‘Ghost Forest’ by Pik-Shuen Fung: What We Say to the Dying

by Ray Levy Uyeda

In Ghost Forest (251 pages; Random House), the novel’s title is also the name of a painting created by the protagonist, an unnamed daughter of immigrants from Hong Kong. As an adult, the narrator takes her father, who throughout her childhood split his time between Hong Kong and Vancouver, to see her painting in a juried show. “In the painting, I am riding a brown bird,” she describes. “We are soaring above tree after tree, and each one is white and translucent. I washed white watercolor on gray rice paper to create that effect.” Her father’s reaction is not what […]

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‘How Beautiful We Were’ by Imbolo Mbue: A Vast Landscape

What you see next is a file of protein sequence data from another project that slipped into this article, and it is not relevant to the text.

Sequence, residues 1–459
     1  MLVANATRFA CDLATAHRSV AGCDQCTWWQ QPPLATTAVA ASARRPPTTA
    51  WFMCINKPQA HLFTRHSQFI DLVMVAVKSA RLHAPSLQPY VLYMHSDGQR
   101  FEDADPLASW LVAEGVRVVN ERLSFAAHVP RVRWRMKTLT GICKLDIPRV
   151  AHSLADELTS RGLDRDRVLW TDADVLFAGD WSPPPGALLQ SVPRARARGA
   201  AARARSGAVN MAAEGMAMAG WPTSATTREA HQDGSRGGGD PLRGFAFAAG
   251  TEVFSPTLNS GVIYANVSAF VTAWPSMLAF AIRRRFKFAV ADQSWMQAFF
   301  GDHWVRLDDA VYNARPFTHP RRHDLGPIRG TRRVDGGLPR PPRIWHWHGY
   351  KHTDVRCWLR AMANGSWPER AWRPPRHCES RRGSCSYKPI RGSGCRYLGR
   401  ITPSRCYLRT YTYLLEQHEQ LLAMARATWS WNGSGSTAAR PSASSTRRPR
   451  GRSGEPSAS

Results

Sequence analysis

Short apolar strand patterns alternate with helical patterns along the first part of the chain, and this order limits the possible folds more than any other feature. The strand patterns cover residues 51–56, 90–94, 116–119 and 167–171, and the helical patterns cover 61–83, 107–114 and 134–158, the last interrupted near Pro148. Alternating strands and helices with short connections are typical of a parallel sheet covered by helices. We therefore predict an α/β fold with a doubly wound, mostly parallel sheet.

by Owen Torrey

In one telling, the story might begin here: the children started getting sick, and nobody knew why. At first, two died within a month. Before long, several more got feverish, then stopped being able to speak, and, soon after, to breathe. Surely, it was said, there must be a common cause. But what was shared between these children? Only the irreducible things: the ground they walked over, the air they breathed, the water they drew from the village well—right where the pipelines ran. When Imbolo Mbue’s second novel How Beautiful We Were (364 pages; Random House) begins, these things have […]

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